Consumer buying behavior has been changed by mobile devices, and banks are watching
Like any other industry, banks face growing pressure to give each customer a personalized experience. This often includes recommending products and services that specifically suit the individual, such as refinancing products for mortgage owners and budgeting tools for frequent overspenders.
In many cases, these changes are also a response to evolving consumer buying behavior. Some of this new spending activity may be the result of generational differences, but in other cases, changing behaviors are being molded by mobile technology and expanded financial services. This increased mobile activity also gives banks valuable new data acquisition channels to glean insights about their consumer bases, which in turn makes it easier to target these consumers on a personalized basis.
Increased automated spending
Consumers love the subscription economy, and so do the companies adopting this pay structure. One reason why businesses love it is that many consumers forget what they’ve signed up for, allowing recurring charges to take place without realizing they’ve spent money.
However, this hasn’t deterred consumers from taking advantage of automated spending opportunities, according to Entrepreneur. Whether it’s website hosting costs, utilities payments, streaming video and music services or even monthly purchases of household goods, automated spending continues to gain steam among consumers. Mobile services have only increased the frequency of this type of spending, since so many apps depend on subscriptions as the foundation for their revenue.
Meanwhile, many shoppers are willing to blindly plunk down money as long as they don’t have to worry about paying their bills by their due date. Automated spending also helps them avoid situations where they’ve run out of soap in their home or don’t have the time to go out and buy the latest Adele album. For consumers with poor financial hygiene, this can quickly lead down a troubling spending path, but most consumers are happy to let automation simplify their financial lives.
Millennials break from tradition
From a demographics point of view, millennials demonstrate the most divergent spending behavior, which is prompting banks to market to them differently. According to research from TD Bank, millennials have broken from older generations by putting more money into retail goods and restaurant spending.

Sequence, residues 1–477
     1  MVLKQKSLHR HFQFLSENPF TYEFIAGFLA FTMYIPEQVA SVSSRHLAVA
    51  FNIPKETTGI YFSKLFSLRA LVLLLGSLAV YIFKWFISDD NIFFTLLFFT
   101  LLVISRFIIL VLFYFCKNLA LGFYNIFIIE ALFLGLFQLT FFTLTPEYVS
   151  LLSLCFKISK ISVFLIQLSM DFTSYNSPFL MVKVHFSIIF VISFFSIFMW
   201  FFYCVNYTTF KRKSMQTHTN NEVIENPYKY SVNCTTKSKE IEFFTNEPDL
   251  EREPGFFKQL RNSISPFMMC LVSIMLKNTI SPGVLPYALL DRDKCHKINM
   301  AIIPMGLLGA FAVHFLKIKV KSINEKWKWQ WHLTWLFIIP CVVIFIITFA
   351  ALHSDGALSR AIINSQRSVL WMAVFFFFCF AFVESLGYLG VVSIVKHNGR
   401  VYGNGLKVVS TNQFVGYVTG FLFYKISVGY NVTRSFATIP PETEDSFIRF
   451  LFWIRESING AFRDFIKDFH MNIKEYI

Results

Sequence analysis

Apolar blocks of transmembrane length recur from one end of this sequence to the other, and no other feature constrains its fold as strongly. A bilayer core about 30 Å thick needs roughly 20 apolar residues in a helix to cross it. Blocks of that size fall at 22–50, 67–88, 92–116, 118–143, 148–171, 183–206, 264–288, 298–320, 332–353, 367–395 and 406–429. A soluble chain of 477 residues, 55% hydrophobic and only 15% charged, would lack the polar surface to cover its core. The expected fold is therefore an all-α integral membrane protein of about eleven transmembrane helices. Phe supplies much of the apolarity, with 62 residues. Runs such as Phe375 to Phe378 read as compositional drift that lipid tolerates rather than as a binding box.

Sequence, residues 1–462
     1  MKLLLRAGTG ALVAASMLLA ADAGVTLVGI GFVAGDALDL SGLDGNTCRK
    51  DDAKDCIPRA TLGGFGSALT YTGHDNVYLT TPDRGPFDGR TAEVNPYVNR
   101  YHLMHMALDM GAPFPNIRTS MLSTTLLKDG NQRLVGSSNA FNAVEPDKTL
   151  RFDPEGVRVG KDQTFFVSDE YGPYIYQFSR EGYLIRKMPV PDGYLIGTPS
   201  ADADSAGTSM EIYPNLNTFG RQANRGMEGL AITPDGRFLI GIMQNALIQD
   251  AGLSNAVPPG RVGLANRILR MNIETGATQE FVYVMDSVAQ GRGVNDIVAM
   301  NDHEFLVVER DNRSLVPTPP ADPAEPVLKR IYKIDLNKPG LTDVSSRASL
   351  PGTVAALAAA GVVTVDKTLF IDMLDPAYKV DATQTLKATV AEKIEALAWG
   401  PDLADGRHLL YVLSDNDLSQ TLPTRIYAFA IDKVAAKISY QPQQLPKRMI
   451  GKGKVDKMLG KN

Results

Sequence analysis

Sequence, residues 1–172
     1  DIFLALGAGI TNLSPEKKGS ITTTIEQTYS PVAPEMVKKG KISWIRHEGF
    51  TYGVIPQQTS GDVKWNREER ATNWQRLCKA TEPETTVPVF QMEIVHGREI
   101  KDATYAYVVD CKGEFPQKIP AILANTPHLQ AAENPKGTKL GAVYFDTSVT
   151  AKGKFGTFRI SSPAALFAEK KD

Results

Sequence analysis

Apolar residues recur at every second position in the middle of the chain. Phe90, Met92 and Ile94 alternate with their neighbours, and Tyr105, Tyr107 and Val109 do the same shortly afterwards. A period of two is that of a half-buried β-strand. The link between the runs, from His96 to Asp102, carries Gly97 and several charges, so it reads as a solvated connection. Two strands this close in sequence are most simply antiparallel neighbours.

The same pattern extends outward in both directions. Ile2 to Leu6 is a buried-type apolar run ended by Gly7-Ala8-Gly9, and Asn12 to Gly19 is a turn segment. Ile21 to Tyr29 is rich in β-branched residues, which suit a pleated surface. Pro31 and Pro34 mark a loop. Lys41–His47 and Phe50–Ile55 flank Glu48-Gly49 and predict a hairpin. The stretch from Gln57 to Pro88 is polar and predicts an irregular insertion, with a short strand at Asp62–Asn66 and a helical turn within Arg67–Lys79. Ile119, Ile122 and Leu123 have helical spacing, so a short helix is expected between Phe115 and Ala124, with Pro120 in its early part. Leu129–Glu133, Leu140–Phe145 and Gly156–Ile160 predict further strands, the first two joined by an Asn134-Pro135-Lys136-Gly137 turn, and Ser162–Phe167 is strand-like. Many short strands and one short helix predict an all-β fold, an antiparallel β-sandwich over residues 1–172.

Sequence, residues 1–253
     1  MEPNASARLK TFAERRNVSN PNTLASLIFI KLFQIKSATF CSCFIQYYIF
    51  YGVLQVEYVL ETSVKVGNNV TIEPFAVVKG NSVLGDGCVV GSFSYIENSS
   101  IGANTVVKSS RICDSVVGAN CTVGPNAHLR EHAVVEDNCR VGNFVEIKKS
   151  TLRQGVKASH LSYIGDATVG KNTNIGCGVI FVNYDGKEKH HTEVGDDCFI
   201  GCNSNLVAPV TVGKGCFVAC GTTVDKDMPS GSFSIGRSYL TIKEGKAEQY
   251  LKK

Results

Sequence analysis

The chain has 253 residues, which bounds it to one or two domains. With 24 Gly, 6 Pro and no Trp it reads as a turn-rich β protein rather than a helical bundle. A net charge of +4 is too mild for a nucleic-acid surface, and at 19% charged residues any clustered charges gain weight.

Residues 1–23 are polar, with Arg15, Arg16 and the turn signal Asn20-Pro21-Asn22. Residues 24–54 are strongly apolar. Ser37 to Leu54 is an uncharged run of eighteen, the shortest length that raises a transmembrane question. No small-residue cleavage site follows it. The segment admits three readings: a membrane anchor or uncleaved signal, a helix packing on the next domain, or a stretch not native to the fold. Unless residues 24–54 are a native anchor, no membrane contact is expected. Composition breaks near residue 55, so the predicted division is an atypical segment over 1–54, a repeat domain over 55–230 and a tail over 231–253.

Those millennials are spending less money overall, opting instead for lifestyle-based purchases, especially on-the-go food and drinks. This isn’t necessarily a bad thing, but as banks note, they’re missing out on rewards opportunities. Restaurant spending is one of the most common spending categories for credit card rewards programs, yet 39 percent of millennial consumers either don’t own a credit card or don’t use one that offers a rewards program.
This amounts to huge financial losses every year, and it’s a form of consumer buying behavior that banks want to target. By better educating millennials, banks could convince those consumers to make better use of rewards-based banking products. For millennials who don’t want to clutter their wallets with credit cards, mobile wallets could be a compromise that offers rewards without the unwanted plastic.
Free financial monitoring services
There are a range of app-based investment and financial monitoring services, many of which are free. This is a great opportunity for consumers who don’t like balancing their checkbooks or combing through their credit card statements. Instead, an online service can link to their bank accounts and monitor each purchase made to every bank and credit card account, monitoring for excessive spending, unwanted fees, duplicate charges and even credit card fraud. These services make it easier for the average consumer to stay informed about their spending habits, checking in on a daily basis to make sure they are on the right track.
Banks offering similar in-house services can strike it rich with consumer data, too. In exchange for better monitoring, consumers are more likely to provide additional information regarding their purchases, including how to categorize those purchases and what their monthly spending goals are. Based on this information, banks can offer even more personalized products and services, seamlessly serving each consumer’s needs — no matter what they are.
Improvements to mobile banking have largely been consumer-driven, and future innovations will be similarly directed. Banks understand that consumers need and want better products to help them make smarter decisions, and an increased exchange of data is making this easier to offer.